Tag Archives: postpartum

Traveling with Baby: How to Prevent Baby from Crying on an Airplane

The idea of a long trip with your little one can be daunting. The professional postpartum doulas at No Barriers Birth compiled a list of solutions for infant discomfort during travel, so that you can feel confident and prepared!

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Preventing Crying on the Plane

1. Relieve Ear Pressure  Just like adults can alleviate pressure in their ears by chewing gum, babies also find relief in sucking and swallowing. Since turbulence may make breastfeeding difficult or dangerous, you might want to have a pacifier or bottle on hand. Tylenol given a half-hour before take-off and again before landing can also prevent pain (and screaming).

2. Prevent Overfeeding  While feeding may soothe baby, feeding more than you normally would can cause painful bloating. Atmospheric pressure actually creates more air in your tummy, so substitute pacifiers and teething rings if baby is full and needs something calming.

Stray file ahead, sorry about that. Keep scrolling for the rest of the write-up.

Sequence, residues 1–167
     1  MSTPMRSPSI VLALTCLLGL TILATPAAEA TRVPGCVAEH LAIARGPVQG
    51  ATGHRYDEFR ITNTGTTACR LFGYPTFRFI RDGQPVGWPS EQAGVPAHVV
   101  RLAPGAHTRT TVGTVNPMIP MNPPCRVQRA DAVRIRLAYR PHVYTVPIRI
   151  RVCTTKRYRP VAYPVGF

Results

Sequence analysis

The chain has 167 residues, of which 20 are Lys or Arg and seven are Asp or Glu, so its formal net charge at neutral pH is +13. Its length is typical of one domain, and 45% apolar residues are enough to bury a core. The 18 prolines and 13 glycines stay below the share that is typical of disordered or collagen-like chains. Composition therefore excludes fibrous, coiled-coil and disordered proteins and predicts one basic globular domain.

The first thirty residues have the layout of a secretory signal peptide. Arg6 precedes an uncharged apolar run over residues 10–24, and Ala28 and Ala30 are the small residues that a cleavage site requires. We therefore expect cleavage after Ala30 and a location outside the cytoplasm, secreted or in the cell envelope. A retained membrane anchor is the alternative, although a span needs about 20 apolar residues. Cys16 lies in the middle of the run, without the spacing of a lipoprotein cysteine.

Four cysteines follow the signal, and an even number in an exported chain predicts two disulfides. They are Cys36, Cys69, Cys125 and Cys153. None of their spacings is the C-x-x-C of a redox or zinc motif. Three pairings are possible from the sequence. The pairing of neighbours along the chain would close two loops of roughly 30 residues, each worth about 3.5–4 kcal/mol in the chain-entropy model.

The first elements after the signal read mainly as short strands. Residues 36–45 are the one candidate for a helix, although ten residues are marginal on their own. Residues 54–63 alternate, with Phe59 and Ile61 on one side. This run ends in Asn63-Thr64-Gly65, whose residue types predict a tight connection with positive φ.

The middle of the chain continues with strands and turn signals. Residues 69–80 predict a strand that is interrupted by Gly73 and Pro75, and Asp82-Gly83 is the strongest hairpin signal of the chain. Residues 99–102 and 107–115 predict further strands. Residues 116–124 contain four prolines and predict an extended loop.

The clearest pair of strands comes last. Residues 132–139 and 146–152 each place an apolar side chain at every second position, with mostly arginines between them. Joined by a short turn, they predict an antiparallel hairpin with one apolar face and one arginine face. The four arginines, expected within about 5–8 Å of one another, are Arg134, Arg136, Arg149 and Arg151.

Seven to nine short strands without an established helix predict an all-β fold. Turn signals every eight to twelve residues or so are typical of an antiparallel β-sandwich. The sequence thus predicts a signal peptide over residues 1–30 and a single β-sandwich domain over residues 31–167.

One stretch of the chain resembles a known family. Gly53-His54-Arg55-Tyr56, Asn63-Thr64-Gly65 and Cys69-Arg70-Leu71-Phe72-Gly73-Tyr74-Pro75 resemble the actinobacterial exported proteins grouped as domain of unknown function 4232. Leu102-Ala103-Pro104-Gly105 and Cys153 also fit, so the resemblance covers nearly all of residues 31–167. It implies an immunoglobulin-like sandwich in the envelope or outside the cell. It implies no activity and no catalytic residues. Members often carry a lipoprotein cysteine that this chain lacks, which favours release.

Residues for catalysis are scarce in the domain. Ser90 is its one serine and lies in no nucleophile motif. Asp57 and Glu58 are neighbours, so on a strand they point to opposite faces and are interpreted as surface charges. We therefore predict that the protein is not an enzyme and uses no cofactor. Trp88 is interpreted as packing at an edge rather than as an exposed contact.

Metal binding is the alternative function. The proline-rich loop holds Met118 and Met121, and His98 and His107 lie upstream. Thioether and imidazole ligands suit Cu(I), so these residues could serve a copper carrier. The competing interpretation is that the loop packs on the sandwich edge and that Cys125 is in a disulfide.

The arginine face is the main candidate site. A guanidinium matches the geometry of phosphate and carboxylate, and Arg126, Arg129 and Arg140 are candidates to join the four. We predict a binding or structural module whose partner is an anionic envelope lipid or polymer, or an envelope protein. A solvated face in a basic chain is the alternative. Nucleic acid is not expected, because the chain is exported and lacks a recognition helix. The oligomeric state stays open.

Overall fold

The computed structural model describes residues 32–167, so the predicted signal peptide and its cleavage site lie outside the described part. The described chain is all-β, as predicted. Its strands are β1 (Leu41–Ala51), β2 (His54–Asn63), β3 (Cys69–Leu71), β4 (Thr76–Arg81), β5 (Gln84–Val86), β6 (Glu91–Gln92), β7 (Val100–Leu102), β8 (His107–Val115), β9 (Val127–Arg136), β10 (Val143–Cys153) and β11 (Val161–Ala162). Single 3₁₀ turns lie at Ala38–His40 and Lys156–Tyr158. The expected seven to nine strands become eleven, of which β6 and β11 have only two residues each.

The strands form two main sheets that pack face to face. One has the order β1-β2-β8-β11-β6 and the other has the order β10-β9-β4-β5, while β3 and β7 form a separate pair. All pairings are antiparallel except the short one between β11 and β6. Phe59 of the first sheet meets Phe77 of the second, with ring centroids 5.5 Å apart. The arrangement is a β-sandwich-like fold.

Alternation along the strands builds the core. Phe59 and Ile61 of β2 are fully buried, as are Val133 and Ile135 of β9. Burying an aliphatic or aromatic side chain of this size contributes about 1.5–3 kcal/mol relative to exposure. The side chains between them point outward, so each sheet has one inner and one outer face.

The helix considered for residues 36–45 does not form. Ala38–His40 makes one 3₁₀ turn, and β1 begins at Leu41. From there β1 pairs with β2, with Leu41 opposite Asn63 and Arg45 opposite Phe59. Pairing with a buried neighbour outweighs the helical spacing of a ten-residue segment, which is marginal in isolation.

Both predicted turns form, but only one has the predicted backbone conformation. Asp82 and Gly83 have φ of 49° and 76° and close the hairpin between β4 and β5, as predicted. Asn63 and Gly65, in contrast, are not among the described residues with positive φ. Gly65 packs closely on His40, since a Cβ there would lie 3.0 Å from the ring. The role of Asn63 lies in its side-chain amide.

3. Avoid sedatives Medications meant to make baby sleep often backfire and make your child overtired and irritable or even hyperactive. Instead bring a few new toys that baby has never seen for a nice distraction, or even headphones and calm music.

4. Temperature Planes can be freezing! A familiar blanket that smells like Mom or Dad can be a lifesaver.

Helpful Travel Tips

5. Avoid over-packing  You can purchase packs of diapers, wipes, and formula when you reach your destination. For your travel day, it’s best to pack about one diaper for every hour of travel and possible delays (you certainly don’t want to run out at 30,000 feet!)

6. And if all else fails, do not let the haters get you down! Solicit the help of a flight attendant if someone is bothering you or making you upset. You deserve support, not judgment!

How Your Postpartum Doula Helps You Travel

  • Handling the details: She will make sure that nothing is left behind, from a car sun shade for shielding baby to resealable bags for dirty clothes and bibs. She will find the mother’s lounge at the airport and make sure a crib is set up in the hotel room, taking all of that worry off of your shoulders.
  • Dealing with the TSA: Have no fear when it comes to bringing breastmilk on a plane or transporting your stroller—your doula will double-check all of the rules and standards before you even book the flight. It will also be such a relief to have your doula’s extra set of hands to cart everything through the airport!